It strikes me as a modestly interesting linguistic question whether “We keep us safe” is a plausible English sentence if “we” and “us” have different meanings: “You and I keep them and me safe” or “They and I keep you and me safe,” say—or, for that matter, “We [in the encampment] keep us [in the encampment plus our ‘allies’] safe,” with overlapping but not identical inclusive referents. But this is an academic question and smells of the lamp, not the camp. There is no real possibility that this is what anyone who uses the phrase has in mind. The first-person plural pronominal forms in the Princeton announcement of May 15—there are twenty-one instances of “we,” twenty-one of “our,” and nine of “us”—clearly refer to the people in the encampment; the sole second-person pronoun appears in the final sentence of the document, “See you at Reunions,” which sure sounds like a warning to those who are not part of the “we.” (And, indeed, there were at least three separate pro-Palestinian protests on May 25, though none of these efforts to disrupt alumni festivities amounted to much.)


10. At City Journal, Brian Patrick Eha reflects on Franz Kafka’s anxieties, and concludes they have proven prophetic. From the reflection:

So it went. Overworked, insomniac, neurasthenic—he did his life’s work in fugitive hours, when, conscious of his immense literary abilities, he felt capable of anything. At other times, he sank into suicidal despair. Despite rehearsing time and again in his diary the cost to his writing, physical health, and sanity of this “horrible double life,” he kept getting promoted at the office, even after being diagnosed with tuberculosis in 1917 and suffering a bout of Spanish flu the following year. “Why does my name appear on the first page of the enemy’s notes?” he asked himself. “I can’t say.” And he kept having breakdowns. His life reads like a parable by Kafka.


Yet it’s impossible to imagine one Kafka without the other. His training in law, which included a brief practice in the provincial high court and criminal court, his work at the insurance institute, his management of his brother-in-law’s financially troubled asbestos factory during the war—“Wretched factory,” he griped—inform the characters and situations of his fiction. Just as real legal terms are employed (and distorted) in The Trial, whole passages in The Castle can only be called bureaucratic farce. The dance of the files—a protracted scene in the corridor of an inn, where a pair of porters distribute documents from a cart to the officials residing there, who fight to take possession of the files without showing their faces, while the hapless protagonist, K. (having intruded on this private ritual), looks on in amazement, thereby breaking one of the cloistered society’s many taboos—is as tightly choreographed as any ballet. The verbal gusto of the sequence suggests Kafka’s transport while writing it. The farce is of a special kind, however, delightful to the reader but never to K., who finally is bounced out by the landlord and his wife. “But what had he done? Repeatedly K. asked, but for a long time he could not elicit an answer, because his guilt was all too self-evident to them, and so they never even remotely considered that he might have acted in good faith.”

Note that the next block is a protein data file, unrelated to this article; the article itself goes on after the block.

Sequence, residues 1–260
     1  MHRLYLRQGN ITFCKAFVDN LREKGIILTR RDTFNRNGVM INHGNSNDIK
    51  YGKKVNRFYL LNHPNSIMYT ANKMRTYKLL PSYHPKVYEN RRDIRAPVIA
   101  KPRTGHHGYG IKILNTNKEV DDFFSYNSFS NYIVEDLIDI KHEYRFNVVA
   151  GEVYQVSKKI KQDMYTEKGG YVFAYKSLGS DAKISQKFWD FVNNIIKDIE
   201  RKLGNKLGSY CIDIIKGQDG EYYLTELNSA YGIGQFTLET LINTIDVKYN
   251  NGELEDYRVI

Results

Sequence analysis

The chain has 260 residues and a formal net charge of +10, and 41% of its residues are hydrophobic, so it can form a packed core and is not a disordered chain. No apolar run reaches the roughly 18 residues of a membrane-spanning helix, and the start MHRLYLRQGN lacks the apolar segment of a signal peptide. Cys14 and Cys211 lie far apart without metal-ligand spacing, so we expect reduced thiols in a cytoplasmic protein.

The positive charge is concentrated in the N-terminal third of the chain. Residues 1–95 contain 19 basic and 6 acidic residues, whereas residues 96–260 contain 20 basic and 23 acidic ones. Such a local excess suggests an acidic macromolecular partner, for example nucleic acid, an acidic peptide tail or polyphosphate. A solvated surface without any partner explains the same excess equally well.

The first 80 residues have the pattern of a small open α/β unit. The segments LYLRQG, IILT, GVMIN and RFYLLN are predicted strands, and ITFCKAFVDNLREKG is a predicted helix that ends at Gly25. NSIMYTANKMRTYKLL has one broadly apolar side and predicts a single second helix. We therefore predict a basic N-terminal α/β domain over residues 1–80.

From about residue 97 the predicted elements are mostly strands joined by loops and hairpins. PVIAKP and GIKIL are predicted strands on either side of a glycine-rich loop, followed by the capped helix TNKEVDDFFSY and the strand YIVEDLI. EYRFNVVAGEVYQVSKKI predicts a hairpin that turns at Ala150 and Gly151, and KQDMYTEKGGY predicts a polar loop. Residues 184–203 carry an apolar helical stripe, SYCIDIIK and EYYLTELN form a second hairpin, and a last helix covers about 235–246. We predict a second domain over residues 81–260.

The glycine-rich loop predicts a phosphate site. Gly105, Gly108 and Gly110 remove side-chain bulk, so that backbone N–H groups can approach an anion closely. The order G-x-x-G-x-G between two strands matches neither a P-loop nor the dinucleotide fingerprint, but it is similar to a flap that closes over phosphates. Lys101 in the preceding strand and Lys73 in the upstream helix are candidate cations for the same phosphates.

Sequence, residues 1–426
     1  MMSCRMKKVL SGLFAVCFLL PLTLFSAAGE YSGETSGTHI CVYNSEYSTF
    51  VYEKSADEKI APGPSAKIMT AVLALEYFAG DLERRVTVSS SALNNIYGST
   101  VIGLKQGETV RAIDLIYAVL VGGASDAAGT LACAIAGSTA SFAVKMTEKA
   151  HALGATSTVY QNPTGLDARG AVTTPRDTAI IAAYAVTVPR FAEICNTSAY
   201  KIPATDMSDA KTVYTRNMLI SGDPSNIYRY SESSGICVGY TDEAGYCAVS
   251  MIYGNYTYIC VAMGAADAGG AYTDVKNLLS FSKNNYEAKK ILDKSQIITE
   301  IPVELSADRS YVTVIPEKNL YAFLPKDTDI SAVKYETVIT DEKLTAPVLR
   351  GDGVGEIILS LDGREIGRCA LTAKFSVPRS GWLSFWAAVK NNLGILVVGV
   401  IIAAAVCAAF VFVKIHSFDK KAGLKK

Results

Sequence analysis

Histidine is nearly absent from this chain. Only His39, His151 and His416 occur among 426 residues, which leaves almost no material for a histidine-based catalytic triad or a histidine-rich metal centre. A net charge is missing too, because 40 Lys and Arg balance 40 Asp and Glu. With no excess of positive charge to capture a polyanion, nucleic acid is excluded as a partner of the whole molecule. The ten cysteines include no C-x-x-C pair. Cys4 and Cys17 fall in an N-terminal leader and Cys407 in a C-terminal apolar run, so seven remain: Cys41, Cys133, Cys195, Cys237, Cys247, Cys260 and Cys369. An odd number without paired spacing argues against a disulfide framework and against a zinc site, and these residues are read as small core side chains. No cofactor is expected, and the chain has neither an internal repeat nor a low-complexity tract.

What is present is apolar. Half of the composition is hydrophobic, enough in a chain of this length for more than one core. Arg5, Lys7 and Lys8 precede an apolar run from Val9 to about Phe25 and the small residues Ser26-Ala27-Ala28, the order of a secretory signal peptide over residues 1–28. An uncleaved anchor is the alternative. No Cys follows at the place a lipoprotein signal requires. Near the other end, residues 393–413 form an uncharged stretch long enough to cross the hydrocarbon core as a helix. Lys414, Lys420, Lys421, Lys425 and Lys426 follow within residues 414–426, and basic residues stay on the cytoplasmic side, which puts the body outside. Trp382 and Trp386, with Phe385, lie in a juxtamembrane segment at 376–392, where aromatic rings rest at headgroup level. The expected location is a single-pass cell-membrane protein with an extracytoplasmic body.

11. At The Thompson Citizen up Manitoba way, Matthias Johnson reports on a touch-a-truck fundraiser that brought in the dollars (Canadian!) for a local preschool. From the story:

At the event, in addition to an array of engaging outdoor activities, organizers also successfully orchestrated a variety of indoor entertainment options, including a lively selection of games and a captivating silent auction held in the TRCC. Attendees were delighted by the availability of delectable lunch and snack options, which were conveniently accessible for purchase through the acquisition of tickets. Furthermore, participants eagerly partook in a draw, with the tantalizing prospect of winning $100 cash prize, adding an extra layer of excitement to the occasion.

The event culminated in a thrilling spectacle at 4:00PM, where the scheduled "Ball Drop," would give enthusiastic participants the opportunity to purchase and place a ball into the colorful loader. As the loader ascended and then dramatically released its cargo, the aim was to land the balls as close to a designated target as possible. The individual whose ball came closest to the bullseye emerged victorious, earning 50% share of the prize pool.